Get a dummies book and join them.

pr>{@c==bs}/p
Thursday, January 23, 2003

People know different things and no one knows everything.

dummy
Thursday, January 23, 2003

Just ask yourself: Could they do your job? I bet they'd have "dummy" moments too if they had to write production standard application code.

I notice that someone was describing system / network administration as "remembering a series of mouse clicks" so I guess the disrespect flows both ways between programmers and system admins.

Of course, if you tell your system admins their job is just remembering a series of mouseclicks then screw up a sysadmin type job, don't be surprised if they DO laugh at you. After all, the difference between you and them is they can remember a series of mouse clicks.

Robert Moir
Friday, January 24, 2003

They are good at both system administration and programming. I have 10 years experience, am pretty good, and am always learning. But someone will always be better than another person at someone. We don't have to all feel we are in competition with each other, always finding a reason to look down at each other. We could be helpful and encouraging, and then learning and working together could be a pleasure, instead of just a stressful job.
I could be reading more into their tone of voice than they really intend. Sometimes they're very busy and are annoyed at interruptions.
I hate feeling that someone thinks I'm stupid just because I don't know everything they know. I'm sure there must be things I know that they don't -- but even if there weren't there is no reason to act condescending.
The dilemma is I have to work there and I don't want to dread going to work. I don't know how to fix the situation, or if there is a way. I can try to become less sensitive (I have). I can try to become smarter (I'm trying but that can't be done over night). I can try to reason with them -- I haven't tried that yet. It would be hard because everything I think of to say sounds like a criticism or complaint, and I know that would only make things worse.
Is there anything I could say or do that would improve the situation? As I said, one of the guys is my manager, so I have to be very careful not to offend him. And it would be a mistake to offend the system administrator, because we all depend on him for everything.

dummy
Friday, January 24, 2003

I think the idea here is not to compete but to complement. Look at what your job entails and concentrate on becoming an expert at that.

Just me (Sir to you)
Friday, January 24, 2003

I agree with Just me (Sir to you). I know the things I'm good at, and the things I'm not. Network stuff isn't one of them... I'm a programmer and I'm good at it. We have Network guys here to maintain everything. That's all they do and they're good at it. When I get to the end of what I know when trying to configure something, I just walk down the hall and say, "Hey guys, I'm trying to do such-and-such but I don't want to mess anything up. Can one of you give me a hand?" This approach makes everybody happy. Me because I don't have to deal with the darn thing, and the Network guys because I didn't mess with their system.

HeyCoolAid!
Friday, January 24, 2003

Just remember they hired you because they believed you have something they need. No one can be good at everything, it just ain't possible.

You could, I suppose, ask your manager if there is any training material they could provide to you to allow you to fill in / assist in that role when the full time system admin isn't around.

Oh, and as for not offending the system admin because you depend on him for everything? I'm one of the most curmudgeonly system admins I know ;-) but I don't think I outrank everyone where I work just cos I got root access.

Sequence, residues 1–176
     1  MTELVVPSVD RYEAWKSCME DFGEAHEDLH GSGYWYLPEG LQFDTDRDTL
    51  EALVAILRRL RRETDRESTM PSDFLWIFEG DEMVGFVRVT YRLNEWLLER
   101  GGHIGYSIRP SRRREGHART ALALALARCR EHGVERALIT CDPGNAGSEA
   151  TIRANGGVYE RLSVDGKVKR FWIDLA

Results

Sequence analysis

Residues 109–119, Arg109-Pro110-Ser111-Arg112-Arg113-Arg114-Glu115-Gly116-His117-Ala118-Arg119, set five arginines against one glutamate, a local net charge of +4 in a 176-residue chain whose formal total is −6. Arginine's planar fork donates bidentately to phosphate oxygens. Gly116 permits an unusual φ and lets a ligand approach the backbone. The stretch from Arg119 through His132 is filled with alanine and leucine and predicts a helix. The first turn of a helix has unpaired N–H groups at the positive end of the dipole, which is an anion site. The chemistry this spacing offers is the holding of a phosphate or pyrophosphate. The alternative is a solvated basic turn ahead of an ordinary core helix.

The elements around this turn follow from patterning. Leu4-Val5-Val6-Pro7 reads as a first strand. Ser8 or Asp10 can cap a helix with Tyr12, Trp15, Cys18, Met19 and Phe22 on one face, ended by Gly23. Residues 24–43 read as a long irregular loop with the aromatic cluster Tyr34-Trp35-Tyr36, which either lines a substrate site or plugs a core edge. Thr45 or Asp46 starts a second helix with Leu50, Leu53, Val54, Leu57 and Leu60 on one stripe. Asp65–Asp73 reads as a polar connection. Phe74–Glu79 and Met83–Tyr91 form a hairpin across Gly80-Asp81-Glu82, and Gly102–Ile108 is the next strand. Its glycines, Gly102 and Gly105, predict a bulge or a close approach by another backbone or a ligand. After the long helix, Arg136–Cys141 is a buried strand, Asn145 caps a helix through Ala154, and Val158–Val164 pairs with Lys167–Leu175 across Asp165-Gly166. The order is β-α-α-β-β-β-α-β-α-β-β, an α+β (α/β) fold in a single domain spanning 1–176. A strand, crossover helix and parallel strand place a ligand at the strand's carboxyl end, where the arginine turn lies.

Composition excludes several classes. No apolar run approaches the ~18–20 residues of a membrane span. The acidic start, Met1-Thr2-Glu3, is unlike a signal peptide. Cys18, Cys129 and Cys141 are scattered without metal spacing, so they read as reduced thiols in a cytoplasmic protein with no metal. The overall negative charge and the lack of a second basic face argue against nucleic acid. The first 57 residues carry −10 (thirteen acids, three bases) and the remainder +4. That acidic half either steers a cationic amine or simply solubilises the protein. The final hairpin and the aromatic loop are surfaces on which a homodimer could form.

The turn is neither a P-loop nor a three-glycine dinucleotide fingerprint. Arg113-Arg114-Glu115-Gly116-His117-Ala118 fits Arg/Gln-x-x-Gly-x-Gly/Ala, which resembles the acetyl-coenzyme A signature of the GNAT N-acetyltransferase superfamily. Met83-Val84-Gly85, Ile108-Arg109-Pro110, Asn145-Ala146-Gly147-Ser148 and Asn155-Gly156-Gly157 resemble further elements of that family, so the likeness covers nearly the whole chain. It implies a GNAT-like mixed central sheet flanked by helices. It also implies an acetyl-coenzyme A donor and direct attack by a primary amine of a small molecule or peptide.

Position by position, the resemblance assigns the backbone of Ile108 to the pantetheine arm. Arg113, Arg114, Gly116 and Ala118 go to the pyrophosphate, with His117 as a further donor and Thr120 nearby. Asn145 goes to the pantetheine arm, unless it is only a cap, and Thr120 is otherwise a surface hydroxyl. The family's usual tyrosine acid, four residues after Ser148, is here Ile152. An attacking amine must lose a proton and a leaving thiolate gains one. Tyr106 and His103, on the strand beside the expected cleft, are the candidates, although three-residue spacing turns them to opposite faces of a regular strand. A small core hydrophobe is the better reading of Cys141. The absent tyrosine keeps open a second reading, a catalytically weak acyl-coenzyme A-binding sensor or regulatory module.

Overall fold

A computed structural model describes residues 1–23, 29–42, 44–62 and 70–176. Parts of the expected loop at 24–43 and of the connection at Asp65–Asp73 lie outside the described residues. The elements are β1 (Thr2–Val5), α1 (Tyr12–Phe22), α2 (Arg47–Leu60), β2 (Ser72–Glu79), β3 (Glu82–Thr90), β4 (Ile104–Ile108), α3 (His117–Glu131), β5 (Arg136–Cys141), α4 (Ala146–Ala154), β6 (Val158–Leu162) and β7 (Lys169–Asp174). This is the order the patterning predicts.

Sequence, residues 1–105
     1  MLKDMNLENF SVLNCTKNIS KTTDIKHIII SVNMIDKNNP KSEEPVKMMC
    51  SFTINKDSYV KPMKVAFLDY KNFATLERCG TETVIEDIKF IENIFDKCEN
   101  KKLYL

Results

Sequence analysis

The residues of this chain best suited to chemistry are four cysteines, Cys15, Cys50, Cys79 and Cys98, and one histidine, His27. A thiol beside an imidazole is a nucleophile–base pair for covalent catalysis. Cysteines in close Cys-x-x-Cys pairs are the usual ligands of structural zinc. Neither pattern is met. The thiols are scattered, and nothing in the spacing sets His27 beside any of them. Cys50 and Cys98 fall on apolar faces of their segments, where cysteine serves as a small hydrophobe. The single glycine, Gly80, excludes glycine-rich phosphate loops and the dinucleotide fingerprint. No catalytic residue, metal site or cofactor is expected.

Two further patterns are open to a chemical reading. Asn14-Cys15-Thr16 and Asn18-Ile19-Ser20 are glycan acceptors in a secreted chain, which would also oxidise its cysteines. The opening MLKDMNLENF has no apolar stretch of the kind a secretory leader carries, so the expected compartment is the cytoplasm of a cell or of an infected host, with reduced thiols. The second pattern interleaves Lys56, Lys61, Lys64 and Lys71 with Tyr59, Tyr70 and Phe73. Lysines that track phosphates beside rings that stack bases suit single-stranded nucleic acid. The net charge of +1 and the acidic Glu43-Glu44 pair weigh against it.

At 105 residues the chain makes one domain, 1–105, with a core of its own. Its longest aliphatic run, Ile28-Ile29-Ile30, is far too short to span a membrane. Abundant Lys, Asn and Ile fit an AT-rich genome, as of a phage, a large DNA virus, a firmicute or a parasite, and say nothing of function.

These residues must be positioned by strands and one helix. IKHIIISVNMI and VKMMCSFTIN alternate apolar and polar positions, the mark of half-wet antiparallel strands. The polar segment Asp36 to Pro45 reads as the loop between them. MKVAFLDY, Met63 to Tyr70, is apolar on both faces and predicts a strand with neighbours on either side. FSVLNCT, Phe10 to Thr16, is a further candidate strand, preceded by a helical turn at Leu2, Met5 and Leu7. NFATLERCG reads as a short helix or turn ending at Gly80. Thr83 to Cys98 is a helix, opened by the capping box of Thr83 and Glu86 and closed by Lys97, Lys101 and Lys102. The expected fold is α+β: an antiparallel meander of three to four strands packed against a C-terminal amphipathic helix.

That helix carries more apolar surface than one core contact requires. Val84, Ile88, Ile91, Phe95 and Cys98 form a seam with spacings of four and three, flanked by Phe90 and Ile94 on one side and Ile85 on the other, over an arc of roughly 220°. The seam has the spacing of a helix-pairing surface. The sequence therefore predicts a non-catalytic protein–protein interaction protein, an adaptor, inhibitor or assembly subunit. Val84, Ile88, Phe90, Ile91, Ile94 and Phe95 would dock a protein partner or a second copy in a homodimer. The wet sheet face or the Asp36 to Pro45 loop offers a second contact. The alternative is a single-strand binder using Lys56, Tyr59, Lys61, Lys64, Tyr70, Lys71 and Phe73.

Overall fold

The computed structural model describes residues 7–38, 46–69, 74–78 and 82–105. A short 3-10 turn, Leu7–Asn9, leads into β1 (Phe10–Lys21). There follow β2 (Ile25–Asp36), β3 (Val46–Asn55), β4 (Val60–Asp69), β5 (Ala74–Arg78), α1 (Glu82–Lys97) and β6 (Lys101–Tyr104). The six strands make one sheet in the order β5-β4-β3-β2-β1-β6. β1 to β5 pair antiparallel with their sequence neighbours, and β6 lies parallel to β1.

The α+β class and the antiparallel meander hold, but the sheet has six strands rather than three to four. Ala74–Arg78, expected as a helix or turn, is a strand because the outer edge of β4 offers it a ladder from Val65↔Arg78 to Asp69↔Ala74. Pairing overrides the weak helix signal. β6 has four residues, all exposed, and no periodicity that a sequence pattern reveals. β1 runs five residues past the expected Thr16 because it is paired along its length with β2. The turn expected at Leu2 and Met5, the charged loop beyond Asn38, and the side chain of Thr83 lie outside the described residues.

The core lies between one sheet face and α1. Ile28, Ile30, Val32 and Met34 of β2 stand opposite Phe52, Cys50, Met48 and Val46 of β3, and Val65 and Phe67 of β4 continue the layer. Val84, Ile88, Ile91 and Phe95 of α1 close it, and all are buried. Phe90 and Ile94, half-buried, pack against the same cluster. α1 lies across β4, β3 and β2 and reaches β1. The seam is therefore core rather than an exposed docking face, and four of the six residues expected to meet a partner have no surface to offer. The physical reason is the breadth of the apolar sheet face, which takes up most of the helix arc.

There is still an obligation to treat others and be treated by others in a professional manner and if this is missing from your workspace then your manager should be obliged to address it, unless your manager and or employer sucks, of course.

Robert Moir
Sunday, January 26, 2003

Dummy,

wrote, "I have "slow smarts" and these 2 people have very "quick smarts" and that is probably the cause of all this."

exactly.  I have the same problem.

"In order to figure something out I have to spend time alone concentrating and/or talk it over with someone who is patient. Even if they don't know, talking about it can help me understand."

That is totally me.  I have to write things down in order to "have a conversation w/myself" before I do something.  Talking to others also works.

"In a tense situation, my mind will often go blank and I will forget obvious things. They never experience this so they interpret it as dumbness."

Ditto here.

"A person with 'slow smarts' can have a very high IQ and be just as intelligent, I believe. I can tell that I'm smart, and past experience, grades, tests, etc., proves it. But I am losing all my confidence!"

I have a high IQ wherever I take one of those types of exams.  One guy I worked w/had a high IQ and quick smarts.  He was in jail once (wrongful arrest) and had top surveillance because he scored highest in the jail on an IQ test - your sysadmin might be similar.  IT does not attract people of average intelligence.

You and me are more concept and language driven (even language is conceptual) than the average person.  Getting in a dangerous situation might not scare you, that is precisely because you are able to handle the situation as a concept, and not just as a physical reality.

Hate to put it bluntly, but some guys are physical thinkers.  They excel at solving physical problems.  They can't find any sexual attraction to a woman, for example, unless she has certain measurements - breast, hair, etc. because thier brain is wired to never have "head in the clouds", only very concrete analysis.

You and me get tripped up because we are always gazing at the concepts of what is occuring around us.  What are we, one in a hundred people, or just a sizeable silent minority?

Brian R.
Sunday, January 26, 2003